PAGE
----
Delhi govt’s anti-corruption helpline gets over 12,700 calls | delhi | Hindustan Times
Today in New Delhi, India
Aug 22, 2017-Tuesday
-°C
New Delhi
  • Humidity
    -
  • Wind
    -

Delhi govt’s anti-corruption helpline gets over 12,700 calls

The city government’s anti-corruption helpline re-launched by chief minister Arvind Kejriwal on Sunday answered 12,731 calls in 24 hours.

delhi Updated: Apr 07, 2015 01:07 IST
HT Correspondent
Delhi-chief-minister-Arvind-Kejriwal-speaks-during-the-launch-of-the-anti-corruption-helpline-number-on-5-April-2015-PTI-Photo
Delhi-chief-minister-Arvind-Kejriwal-speaks-during-the-launch-of-the-anti-corruption-helpline-number-on-5-April-2015-PTI-Photo

The city government’s anti-corruption helpline re-launched by chief minister Arvind Kejriwal on Sunday answered 12,731 calls in 24 hours.

Officials are now analysing the calls to segregate the real ones from the frivolous ones.

“Once segregation is complete, complaints that require action will be forwarded to the anti-corruption branch (ACB) for probe. The helpline functions on a 24x7 basis and will remain open all 365 days of the year,” said a Delhi government spokesperson.

According to government officials, some of the calls have already been forwarded to the ACB.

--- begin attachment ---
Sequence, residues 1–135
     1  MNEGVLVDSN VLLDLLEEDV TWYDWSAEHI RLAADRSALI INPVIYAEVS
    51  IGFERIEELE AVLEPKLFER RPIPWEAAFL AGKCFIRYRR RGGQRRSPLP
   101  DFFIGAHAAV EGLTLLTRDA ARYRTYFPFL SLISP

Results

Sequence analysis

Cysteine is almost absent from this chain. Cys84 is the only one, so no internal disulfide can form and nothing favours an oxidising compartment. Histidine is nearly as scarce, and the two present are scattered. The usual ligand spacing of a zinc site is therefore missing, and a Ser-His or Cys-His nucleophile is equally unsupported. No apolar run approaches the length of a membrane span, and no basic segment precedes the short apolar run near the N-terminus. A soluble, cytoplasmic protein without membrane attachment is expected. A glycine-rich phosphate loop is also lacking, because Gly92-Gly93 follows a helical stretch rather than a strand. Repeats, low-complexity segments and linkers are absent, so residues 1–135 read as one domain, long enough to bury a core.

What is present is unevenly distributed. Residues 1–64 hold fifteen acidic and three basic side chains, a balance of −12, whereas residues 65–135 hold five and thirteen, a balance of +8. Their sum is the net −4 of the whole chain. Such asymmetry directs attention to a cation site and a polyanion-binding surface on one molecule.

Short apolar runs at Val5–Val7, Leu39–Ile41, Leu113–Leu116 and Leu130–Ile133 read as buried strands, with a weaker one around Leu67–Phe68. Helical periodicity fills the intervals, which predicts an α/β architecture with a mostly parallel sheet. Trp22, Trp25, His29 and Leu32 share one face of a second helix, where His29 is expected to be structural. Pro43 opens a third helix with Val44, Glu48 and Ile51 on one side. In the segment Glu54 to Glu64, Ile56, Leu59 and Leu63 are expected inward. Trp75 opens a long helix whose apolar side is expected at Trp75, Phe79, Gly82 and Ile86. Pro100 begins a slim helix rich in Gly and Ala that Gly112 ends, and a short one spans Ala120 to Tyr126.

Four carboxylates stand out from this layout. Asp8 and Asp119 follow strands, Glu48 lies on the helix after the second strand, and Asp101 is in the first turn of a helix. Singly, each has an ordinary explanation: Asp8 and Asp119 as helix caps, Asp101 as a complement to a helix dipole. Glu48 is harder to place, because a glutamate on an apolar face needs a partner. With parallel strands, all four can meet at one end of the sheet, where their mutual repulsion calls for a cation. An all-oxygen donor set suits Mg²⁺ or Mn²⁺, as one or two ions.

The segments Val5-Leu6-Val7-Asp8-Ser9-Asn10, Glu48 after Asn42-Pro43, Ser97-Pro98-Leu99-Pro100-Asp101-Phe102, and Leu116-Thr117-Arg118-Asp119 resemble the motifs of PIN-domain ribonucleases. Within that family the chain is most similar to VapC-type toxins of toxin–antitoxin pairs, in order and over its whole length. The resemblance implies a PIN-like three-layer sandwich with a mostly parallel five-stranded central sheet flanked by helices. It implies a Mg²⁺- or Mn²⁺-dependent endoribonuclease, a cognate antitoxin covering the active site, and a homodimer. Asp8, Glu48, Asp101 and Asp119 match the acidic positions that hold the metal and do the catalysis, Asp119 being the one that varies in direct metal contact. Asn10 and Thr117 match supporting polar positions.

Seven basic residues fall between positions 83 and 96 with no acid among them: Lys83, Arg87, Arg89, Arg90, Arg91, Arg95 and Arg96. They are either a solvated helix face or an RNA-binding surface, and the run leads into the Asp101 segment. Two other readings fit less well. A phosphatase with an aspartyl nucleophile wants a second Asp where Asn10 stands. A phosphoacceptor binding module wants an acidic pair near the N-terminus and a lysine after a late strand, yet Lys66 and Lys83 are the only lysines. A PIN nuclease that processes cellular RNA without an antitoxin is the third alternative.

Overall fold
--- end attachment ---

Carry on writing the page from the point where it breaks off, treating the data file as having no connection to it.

“Some of the cases include complaints against the Delhi Police, the MCD, the education department, the transport department, Delhi Jal Board and the Delhi fire department. Data of calls received and segregated will be made public on a regular basis for general convenience and information,” the spokesperson added.

The system is further being upgraded to ensure that no call made to the helpline number (1031) goes unanswered.

During AAP’s previous 49-day tenure, only 25% calls could be attended due to a shortage in the number of lines. Having undergone rigorous remodelling, it can now attend 10,000 calls per day. Executives have been trained to attend calls and direct callers on how to conduct a sting operation.

An executive will categorise a call into two parts- serious and non serious.

“The serious calls will further be categorised where callers will agree to conduct a sting operation and the departments will conduct raids.

The details will then be transferred to the ACB for initiating action,” said a senior Delhi government official.

The faces behind the helpline will be kept a secret. “Callers will be coached on how to trap those asking for bribe. Executives who will advise them are part of a separate cell and are trained in carrying out sting operations,” the official added.

Since a sting operation also requires behavioural training, experts will spend sufficient time with the callers.

“If a person is hesitant in conducting the sting operation, our staff will do it on their behalf. We have sufficient man power and technical equipment to do so,” he further said.